As was the case with the rest of the country, there was a big surge in December.
Texas enrollments in the online insurance marketplace created under the Affordable Care Act rose nearly eightfold in December, according to 2013 figures that the U.S. Department of Health and Human Services released Monday.
Texas ranks third in the number of 2013 enrollments following the troubled launch of healthcare.gov on Oct. 1. As of Dec. 28, nearly 120,000 Texans had purchased coverage in the federal marketplace, up from 14,000 one month before.
The number represents a tiny fraction of the uninsured in Texas, which has a higher percentage of people without health coverage than any other state. In 2012, more than 6 million Texans, about 24 percent of the population, lacked health insurance, according to U.S. census data.
Florida led the nation in the number of 2013 enrollments, with 158,000. In a media call from Tampa, U.S. Health and Human Services Secretary Kathleen Sebelius praised Florida’s high enrollment numbers. Like Texas, Florida has a largely unfavorable political climate toward the Affordable Care Act, and a high rate of the uninsured, at 21 percent. HHS officials offered no explanation for why more people enrolled in some states compared with others.
“The numbers show that there is a very strong national demand for affordable health care made possible by the Affordable Care Act,” Sebelius said in the call announcing the enrollment data, adding that nationwide enrollment had reached nearly 2.2 million.
The Better Texas Blog breaks the numbers down further.
- 457,382 individual Texans applied for coverage with completed applications, revealing a high level of interest in Marketplace coverage;
- 390,658 Texans were determined eligible to enroll in a Marketplace plan, and 180,349 Texans were found eligible for financial assistance in the Marketplace. Many of the 210,000 Texans who are eligible to buy in the Marketplace, but ineligible for subsidies likely fall into the “coverage gap” created when Texas leaders refused federal funds to expand health care coverage through Medicaid to Texas adults below the poverty line;
- 47,177 Texans were assessed eligible Medicaid/CHIP by the Marketplace (a number that would be much higher with Medicaid expansion);
- 55 percent of Texans who chose a health plan are women; and
- 26 percent are between the ages of 18 and 34. Young adults are enrolling in the Marketplace, and previous experience from Massachusetts indicates that enrollment by this age group will increase as we near the March 31 enrollment deadline.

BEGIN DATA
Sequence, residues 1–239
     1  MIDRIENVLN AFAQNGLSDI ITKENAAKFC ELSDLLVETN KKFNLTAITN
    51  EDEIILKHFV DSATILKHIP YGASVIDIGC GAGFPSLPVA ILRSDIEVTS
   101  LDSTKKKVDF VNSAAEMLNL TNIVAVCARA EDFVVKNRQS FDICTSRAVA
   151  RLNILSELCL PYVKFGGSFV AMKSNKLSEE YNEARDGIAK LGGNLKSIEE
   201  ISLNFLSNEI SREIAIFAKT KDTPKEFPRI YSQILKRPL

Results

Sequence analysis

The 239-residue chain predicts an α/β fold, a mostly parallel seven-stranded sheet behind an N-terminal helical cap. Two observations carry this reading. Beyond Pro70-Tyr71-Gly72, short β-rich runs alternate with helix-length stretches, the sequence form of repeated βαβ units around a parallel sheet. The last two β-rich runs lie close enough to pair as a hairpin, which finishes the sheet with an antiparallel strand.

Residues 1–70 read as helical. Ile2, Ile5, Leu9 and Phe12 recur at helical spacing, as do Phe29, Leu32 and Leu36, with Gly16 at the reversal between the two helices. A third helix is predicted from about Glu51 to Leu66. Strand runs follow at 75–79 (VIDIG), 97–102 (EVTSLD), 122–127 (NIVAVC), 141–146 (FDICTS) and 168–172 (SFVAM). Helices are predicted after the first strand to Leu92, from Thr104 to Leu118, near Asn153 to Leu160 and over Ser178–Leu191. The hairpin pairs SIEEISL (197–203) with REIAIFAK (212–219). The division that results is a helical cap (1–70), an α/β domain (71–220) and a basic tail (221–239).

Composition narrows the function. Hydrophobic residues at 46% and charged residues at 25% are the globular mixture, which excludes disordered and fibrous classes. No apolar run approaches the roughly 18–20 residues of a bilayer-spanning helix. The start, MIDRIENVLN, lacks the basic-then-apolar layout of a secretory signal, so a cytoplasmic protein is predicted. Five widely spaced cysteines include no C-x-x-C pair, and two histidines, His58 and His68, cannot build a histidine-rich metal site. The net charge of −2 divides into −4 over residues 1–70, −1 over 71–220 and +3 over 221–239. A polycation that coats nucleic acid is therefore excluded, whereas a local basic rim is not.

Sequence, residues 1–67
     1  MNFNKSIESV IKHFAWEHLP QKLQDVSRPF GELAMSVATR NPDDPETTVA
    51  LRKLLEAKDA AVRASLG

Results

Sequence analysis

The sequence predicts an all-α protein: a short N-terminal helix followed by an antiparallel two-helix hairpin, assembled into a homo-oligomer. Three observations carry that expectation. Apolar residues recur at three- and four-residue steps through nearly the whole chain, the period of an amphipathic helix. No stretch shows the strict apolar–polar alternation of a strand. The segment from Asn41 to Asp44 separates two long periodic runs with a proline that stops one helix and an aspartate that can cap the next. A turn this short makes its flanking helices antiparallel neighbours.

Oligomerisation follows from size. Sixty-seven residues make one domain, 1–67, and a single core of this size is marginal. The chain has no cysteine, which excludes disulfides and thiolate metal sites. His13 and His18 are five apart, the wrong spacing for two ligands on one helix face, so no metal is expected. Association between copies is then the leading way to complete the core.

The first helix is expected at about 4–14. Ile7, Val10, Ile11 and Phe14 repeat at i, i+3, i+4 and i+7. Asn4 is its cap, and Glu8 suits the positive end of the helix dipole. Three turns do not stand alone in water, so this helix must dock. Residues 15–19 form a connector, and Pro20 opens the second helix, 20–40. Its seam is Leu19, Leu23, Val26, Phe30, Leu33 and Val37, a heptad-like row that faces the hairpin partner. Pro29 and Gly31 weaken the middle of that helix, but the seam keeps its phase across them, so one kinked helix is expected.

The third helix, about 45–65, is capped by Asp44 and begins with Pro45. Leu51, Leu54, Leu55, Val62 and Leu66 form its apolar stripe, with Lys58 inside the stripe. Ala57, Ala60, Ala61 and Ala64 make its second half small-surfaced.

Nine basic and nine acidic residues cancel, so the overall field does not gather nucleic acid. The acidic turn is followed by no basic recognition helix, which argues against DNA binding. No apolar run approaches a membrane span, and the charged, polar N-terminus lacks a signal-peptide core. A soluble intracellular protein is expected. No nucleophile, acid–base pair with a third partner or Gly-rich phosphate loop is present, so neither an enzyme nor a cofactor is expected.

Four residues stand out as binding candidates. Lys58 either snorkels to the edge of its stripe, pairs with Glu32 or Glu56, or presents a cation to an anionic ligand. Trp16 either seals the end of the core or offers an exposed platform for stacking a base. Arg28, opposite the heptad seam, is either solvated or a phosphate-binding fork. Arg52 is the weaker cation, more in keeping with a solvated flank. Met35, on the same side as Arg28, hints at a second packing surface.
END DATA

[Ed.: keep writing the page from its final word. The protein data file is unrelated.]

These numbers prove that the law and its website are working–more Texans are able to apply for and select health plans that fit their budgets. (Read about our intern’s experience enrolling in a Marketplace plan). People can enroll in the Marketplace through March 31, 2014.
There’s still a lot more growth to come, in other words. Progress Texas adds on.
Ed Espinoza, Executive Director of Progress Texas, released the following statement:
Twelve weeks of ACA has done more to help Texans without health care than Rick Perry has done in twelve years as Governor.
…Texas Still Has a Significant Coverage Gap
In addition to the top-line numbers, a little digging shows how Rick Perry and Greg Abbott’s refusal to expand Medicaid has created a significant coverage gap in Texas:
- 210,309 Texans who applied for coverage could have received financial assistance for the Marketplace plans.
Many, if not most, of those 210,000+ Texans who couldn’t get financial assistance would have been covered if Texas had expanded Medicaid. We know that one million low-income Texans are left out of health coverage because elected leaders in Texas chose politics over what was right for our people.
Just imagine how many more people could be getting coverage if Rick Perry wasn’t doing everything in his power to stand in the way. Several Texas Congressional Democrats have now sent a letter to AG Eric Holder asking him to step in and do something about Texas’ ridiculous navigator rules, but I don’t really expect anything to come of that. For more on the national numbers, see Jonathan Cohn, TPM, Sarah Kliff, and Ezra Klein.